Several years ago, Kit was working with the police department and asked someone, “I wonder what this little girl is doing now. I wonder if we could find her and see how she’s doing.” The police were able to locate Lisa, and Kit’s knock on Lisa’s door was the beginning of a very meaningful friendship.
Kit discovered that Lisa was in an abusive relationship of her own, but since they have met, Kit has helped Lisa walk through the process of ending that relationship. Lisa says that when she got pregnant with her second child something in her just snapped, and she knew she had to get out because she did not want to end up like her mother.
Lisa had no idea that her tape was being used to educate people about the effects of domestic violence on children. She only vaguely remembers signing away her rights to this tape, and no one ever told her why exactly they wanted it. Now as a twenty four year old woman, she still cannot listen to the tape because of all the pain she fears would surface.
She wonders why they picked this particular tape since she called the police hundreds of times. Through her tears, she shared with us that her mother had not changed, that her older brother was in jail, that her sister was getting into trouble, and that she feared for the future of her little brother. She pleaded with the Child Protective Service (CPS) workers in the room to always be mindful of the child victims of domestic violence.
The reality of her life and the lives of her siblings is a great testimony to the effects of domestic violence on children. Lisa told us that there were twenty-three documented cases of CPS coming to her house and that she nor her siblings were ever taken away from her mom. She said that she wishes she had been. Although she admitted that she would not have wanted to leave her mom initially, she said that in the end it would have been a better situation.
She challenged us to always remember the children when dealing with domestic violence because they have no control or power to change their situation.
Nov 21, 1990 San Diego, California.
Lisa: Stop it…. The baby… Stop it. Could you just send the police please!
Dispatcher: OK, we’re gonna be there. Who’s taking your baby?
Lisa: Stop it. No. Stop. I… Dreya, just, Dreya shut up.
Dispatcher: Let me talk to your ...., where’s your mom?
Dispatcher: What’s going on?
Lisa: They’re having some fighting. This has been going on forever and ever.
They always have this because he has company … and he’s always drinking beer and getting
drunk, and mom…
Dispatcher: What is his name? What is his name? Your father’s name? Is he Hispanic?
Lisa: He’s black.
Dispatcher: He’s your father?
Lisa: He’s my stepfather.
Dispatcher: OK, how old is he?
Lisa: I don’t know. I don’t know.
Dispatcher: Does he have any weapons?
Lisa: No, but he’s hurting mommy.
Dispatcher: How’s he hurting her?
Lisa: He’s making mommy ….
Dispatcher: OK. Don’t cry. We’re gonna send the police.
Dispatcher: Now where’s your mother at right now?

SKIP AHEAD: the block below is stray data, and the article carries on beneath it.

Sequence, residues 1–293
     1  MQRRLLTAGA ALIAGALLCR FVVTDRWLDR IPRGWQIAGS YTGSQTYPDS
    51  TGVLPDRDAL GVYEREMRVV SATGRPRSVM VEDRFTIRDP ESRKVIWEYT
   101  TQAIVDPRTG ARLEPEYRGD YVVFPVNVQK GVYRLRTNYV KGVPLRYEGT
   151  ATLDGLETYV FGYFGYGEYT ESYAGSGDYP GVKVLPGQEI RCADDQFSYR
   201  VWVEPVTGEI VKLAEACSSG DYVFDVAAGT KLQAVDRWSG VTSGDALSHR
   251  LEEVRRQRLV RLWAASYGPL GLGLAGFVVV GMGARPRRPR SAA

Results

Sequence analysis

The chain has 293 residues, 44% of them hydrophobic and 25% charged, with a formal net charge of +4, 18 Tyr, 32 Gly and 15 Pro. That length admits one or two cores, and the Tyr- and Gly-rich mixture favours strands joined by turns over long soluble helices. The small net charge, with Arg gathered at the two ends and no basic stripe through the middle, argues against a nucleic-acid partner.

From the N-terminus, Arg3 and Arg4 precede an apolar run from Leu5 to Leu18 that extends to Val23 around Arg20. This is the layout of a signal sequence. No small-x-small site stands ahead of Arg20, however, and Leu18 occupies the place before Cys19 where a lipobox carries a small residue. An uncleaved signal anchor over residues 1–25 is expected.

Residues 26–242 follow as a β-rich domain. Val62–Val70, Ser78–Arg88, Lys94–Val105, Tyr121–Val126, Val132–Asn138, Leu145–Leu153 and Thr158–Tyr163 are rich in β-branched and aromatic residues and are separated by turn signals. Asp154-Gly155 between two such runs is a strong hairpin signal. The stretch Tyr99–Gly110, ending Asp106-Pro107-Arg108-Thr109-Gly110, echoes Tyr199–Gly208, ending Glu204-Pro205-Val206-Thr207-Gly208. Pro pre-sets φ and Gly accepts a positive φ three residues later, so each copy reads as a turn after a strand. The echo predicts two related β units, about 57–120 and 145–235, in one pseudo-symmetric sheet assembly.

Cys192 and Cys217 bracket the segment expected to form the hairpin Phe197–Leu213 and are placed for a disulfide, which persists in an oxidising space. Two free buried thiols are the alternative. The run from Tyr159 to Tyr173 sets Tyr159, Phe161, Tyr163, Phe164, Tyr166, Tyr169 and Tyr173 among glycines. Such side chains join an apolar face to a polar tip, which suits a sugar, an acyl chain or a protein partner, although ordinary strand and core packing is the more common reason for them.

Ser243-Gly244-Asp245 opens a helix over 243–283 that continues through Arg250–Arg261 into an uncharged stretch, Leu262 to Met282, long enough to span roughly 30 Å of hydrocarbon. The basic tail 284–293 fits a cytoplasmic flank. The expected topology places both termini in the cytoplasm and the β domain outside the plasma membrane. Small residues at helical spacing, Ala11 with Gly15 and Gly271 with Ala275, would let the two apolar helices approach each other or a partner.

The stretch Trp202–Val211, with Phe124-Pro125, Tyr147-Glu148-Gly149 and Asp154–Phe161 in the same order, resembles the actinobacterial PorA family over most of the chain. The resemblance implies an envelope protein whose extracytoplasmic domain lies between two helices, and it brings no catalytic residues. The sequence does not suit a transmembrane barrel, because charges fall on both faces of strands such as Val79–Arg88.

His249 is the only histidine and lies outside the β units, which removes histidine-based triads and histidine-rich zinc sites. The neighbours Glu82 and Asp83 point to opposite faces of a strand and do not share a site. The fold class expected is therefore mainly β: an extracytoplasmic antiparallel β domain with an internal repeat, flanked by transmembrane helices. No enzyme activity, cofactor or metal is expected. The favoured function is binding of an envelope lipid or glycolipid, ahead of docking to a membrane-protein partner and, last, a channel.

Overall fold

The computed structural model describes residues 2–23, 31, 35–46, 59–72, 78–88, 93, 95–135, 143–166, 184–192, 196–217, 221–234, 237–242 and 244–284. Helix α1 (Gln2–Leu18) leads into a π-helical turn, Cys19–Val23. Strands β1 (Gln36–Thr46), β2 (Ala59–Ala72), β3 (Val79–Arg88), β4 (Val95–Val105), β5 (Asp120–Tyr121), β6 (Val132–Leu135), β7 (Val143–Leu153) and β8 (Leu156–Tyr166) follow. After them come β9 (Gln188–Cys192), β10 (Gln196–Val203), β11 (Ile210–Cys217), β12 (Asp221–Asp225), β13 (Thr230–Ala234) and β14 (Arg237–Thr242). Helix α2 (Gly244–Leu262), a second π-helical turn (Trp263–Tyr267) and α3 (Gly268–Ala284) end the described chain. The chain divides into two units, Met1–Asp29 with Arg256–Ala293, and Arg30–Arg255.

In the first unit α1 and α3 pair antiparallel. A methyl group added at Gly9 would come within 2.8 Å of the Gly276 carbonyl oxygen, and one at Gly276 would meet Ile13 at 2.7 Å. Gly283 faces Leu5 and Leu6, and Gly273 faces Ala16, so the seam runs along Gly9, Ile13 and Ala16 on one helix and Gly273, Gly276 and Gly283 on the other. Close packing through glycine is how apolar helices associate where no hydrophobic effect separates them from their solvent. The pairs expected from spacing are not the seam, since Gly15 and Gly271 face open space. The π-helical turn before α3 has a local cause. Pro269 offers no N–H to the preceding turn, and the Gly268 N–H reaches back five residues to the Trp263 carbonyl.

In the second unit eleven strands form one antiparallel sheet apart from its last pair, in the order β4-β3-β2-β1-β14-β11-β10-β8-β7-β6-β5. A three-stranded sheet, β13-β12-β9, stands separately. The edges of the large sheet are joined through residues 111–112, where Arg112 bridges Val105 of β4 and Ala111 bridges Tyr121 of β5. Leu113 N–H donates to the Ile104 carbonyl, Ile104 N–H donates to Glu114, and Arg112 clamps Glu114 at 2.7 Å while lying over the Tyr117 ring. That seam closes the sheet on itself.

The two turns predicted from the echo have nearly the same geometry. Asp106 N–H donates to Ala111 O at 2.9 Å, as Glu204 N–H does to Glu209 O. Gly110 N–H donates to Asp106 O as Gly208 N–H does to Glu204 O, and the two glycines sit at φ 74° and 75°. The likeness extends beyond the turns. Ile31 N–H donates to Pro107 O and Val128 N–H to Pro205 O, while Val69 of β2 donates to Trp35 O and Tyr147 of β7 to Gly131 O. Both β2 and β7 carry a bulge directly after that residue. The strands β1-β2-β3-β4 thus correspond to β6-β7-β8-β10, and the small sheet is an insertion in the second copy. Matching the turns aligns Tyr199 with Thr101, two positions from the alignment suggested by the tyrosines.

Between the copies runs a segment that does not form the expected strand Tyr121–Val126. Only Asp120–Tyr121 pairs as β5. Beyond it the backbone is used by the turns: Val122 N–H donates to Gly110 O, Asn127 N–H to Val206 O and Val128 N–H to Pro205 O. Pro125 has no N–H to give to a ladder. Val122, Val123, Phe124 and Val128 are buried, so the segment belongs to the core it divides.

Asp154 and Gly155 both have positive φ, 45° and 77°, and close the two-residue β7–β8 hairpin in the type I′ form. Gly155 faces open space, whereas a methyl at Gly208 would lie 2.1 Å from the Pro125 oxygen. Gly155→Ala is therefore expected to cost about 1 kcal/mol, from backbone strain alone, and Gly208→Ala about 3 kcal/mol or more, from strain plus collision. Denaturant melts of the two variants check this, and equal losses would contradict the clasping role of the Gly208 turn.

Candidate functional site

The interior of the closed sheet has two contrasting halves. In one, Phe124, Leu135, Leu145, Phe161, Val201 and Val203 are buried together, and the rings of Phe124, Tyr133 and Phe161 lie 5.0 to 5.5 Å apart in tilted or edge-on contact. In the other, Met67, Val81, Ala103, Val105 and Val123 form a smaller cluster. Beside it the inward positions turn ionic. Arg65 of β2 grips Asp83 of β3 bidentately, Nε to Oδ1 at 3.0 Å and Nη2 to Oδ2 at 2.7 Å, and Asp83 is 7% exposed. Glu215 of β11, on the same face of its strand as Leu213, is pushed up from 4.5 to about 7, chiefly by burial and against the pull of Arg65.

Lisa: She’s in the room fighting with him.
Dispatcher: But you have a little baby sister…
Lisa: No, I got a little baby brother and
Dispatcher: He’s trying to take the baby? He’s trying to take the baby brother?
Lisa: Momma’s not drunk..He thinks he’s drunk…Because he can’t say nothing he’s drunk.
Dispatcher: Are they in the room fighting? Where are they at now?
Lisa: They’re in the room still.
Dispatcher: They’re in the bedroom?
Lisa: Yea, I don’t want him to do nothing strange with the baby…
Because if he drops…He’s a newborn baby. He’s very delicate.
Dispatcher: What do you mean, do anything strange? What do you think he’s going to do
to your baby?
Lisa: I think he’s going to take the baby and do something because he’s drunk…. He
might …. go off with the baby if he takes it.
Dispatcher: How old are you?
Lisa: I’m 6 and my little sister’s 4.
Dispatcher: You’re a six year old. You’re six.
Lisa: Yea, I’m in first grade and my sister’s in kindergarten.
Dispatcher: What is your name? What is your name?
Lisa: Lisa. My sister’s name is Dreya. Excuse me.
Dispatcher: You’re only …OK
Lisa: OK. Could you just send the police?
Dispatcher: Yea, They’re on the way; I’m going to keep you on the line until they get
here. OK. Is your front door open?
Lisa: Oh no.
Dispatcher: Can you go unlock it and come back to the phone so the officers could get in?
Lisa: Just wait please.
Lisa: He just knocked my sister down.
Dispatcher: What sister did he knock down?
Lisa: My little sister, the 4 year old.
Dispatcher: What do you mean, he knocked her off?
Lisa: He pushed her down on the floor, and she’s crying.
I wish he would stop doing this. He did this ever since she had him..
He just …. He just slapped mommy.
Dispatcher: Which room are they in?
Lisa: My mom’s name is Cindy.
Dispatcher: OK, Which room are they in?
Lisa: They’re in their room.
Dispatcher: They’re in the back room or the bedroom?
Lisa: Oh my god…..
Dispatcher: What’s the matter?
Lisa: Something happened. Just please send the police.
Wait I want to go see what happened. Please…
Dispatcher: Ok. The police are on their way. Ok… Hello.. Oh shoot….
Lisa: Mommy …..My stepdaddy’s got the baby now.
Dispatcher: He has the baby now? Where is he at now?
Dispatcher: Lisa, where is he at right now?
Lisa: He’s still in the room. He’s got the baby. And he made some red marks on momma’s neck.
Dispatcher: He did what?
Lisa: He made some red marks on momma’s neck.
Dispatcher: Where did he make the red marks on with her neck?
Lisa: On her neck. On the right side, very dark. My momma’s going outside…
Lisa: Momma, don’t….
Mother: Shut up!
Lisa: The police are coming. Mommy….
Dispatcher: Hello, oh